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MMWR Morb Mortal Wkly Rep. 2015 Apr 24;64(15):415-20.

Tracking progress toward polio eradication - worldwide, 2013-2014.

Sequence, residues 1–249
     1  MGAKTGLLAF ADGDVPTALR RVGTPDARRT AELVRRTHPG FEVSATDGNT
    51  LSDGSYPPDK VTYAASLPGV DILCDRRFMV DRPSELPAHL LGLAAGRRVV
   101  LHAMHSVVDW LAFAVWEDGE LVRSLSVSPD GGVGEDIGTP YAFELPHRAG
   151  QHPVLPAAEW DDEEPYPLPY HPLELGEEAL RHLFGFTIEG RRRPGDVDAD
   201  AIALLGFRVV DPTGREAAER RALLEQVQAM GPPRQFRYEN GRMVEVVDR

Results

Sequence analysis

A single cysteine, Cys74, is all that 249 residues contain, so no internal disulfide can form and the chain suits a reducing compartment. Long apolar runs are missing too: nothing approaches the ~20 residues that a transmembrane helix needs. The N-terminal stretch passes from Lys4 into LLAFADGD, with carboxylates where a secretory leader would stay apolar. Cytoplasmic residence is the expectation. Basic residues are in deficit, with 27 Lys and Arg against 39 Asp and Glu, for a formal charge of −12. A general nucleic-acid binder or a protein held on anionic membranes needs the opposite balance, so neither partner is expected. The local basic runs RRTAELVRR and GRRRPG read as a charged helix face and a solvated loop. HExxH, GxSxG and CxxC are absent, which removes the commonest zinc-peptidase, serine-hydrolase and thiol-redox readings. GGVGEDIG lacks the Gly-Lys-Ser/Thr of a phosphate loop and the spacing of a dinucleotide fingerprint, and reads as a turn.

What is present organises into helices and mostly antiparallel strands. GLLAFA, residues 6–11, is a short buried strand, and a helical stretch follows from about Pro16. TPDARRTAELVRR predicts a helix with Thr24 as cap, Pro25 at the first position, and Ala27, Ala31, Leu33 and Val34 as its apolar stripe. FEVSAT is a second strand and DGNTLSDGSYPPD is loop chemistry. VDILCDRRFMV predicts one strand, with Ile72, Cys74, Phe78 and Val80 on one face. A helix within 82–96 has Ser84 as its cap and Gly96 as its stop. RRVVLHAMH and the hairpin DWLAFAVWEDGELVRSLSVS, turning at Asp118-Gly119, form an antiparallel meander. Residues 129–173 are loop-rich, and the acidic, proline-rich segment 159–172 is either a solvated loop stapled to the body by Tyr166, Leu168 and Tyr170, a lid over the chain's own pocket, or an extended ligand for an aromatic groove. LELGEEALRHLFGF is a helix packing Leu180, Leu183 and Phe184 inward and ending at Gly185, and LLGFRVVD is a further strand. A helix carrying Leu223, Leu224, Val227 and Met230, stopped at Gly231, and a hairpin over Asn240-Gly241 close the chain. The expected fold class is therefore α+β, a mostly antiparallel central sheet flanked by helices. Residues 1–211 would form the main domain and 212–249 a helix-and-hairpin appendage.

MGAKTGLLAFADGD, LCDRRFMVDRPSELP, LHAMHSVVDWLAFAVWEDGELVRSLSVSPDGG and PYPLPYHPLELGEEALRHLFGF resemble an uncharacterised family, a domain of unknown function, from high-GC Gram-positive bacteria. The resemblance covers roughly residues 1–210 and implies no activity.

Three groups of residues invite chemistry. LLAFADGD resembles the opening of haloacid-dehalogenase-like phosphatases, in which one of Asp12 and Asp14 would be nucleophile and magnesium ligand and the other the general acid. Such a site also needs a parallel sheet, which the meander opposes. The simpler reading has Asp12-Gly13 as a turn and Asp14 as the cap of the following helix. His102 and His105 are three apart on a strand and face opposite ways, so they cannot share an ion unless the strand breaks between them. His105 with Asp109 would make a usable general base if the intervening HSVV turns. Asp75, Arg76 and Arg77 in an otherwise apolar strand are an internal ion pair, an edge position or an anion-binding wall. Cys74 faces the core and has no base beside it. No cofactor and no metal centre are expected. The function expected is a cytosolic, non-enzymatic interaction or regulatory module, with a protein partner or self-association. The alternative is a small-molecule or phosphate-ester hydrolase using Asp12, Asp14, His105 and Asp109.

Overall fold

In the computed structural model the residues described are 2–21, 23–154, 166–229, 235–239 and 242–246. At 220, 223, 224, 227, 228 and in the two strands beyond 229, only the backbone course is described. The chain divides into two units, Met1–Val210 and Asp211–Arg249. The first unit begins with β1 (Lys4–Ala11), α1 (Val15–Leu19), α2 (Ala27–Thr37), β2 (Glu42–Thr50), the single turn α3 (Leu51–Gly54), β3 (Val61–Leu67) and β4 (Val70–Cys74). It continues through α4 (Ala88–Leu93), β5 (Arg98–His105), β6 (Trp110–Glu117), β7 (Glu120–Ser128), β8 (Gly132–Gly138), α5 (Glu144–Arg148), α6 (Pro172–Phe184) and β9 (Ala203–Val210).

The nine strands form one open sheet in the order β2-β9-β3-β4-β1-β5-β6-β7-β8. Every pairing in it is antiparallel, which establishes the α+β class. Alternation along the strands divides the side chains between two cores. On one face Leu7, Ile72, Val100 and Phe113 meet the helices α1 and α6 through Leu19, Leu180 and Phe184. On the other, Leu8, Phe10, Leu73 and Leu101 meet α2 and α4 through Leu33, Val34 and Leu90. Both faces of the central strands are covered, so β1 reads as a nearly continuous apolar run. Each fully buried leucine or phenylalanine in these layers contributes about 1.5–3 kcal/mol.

Global efforts to eradicate polio began in 1988 and have been successful in all but two of the six World Health Organization (WHO) regions. Within these two regions (African and Eastern Mediterranean), three countries (Afghanistan, Nigeria, and Pakistan) have never interrupted transmission of wild poliovirus (WPV). Outbreaks following importation of WPV from these countries occurred in the Horn of Africa, Central Africa, and in the Middle East during 2013-2014. The primary means of tracking polio is surveillance for cases of acute flaccid paralysis (AFP), the main symptom of polio, followed by testing of AFP patients' stool specimens for both WPV and vaccine-derived poliovirus (VDPV) in WHO-accredited laboratories within the Global Polio Laboratory Network (GPLN). This is supplemented with environmental surveillance (testing sewage for WPV and VDPV) (4). Both types of surveillance use genomic sequencing for characterization of poliovirus isolates to map poliovirus transmission and for identifying gaps in AFP surveillance by measuring genetic divergence between isolates. This report presents 2013 and 2014 poliovirus surveillance data, focusing primarily on the two WHO regions with endemic WPV transmission, and the 29 countries (African Region = 23; Eastern Mediterranean Region = six) with at least one case of WPV or circulating VDPV (cVDPV) reported during 2010-2014. In 2013, 20 of these 23 African region countries met both primary surveillance quality indicators; in 2014, the number decreased to 15. In 2013, five of the six Eastern Mediterranean Region countries met the primary indicators, and in 2014, all six did. To complete and certify polio eradication, surveillance gaps must be identified and surveillance activities, including supervision, monitoring, and specimen collection, further strengthened.

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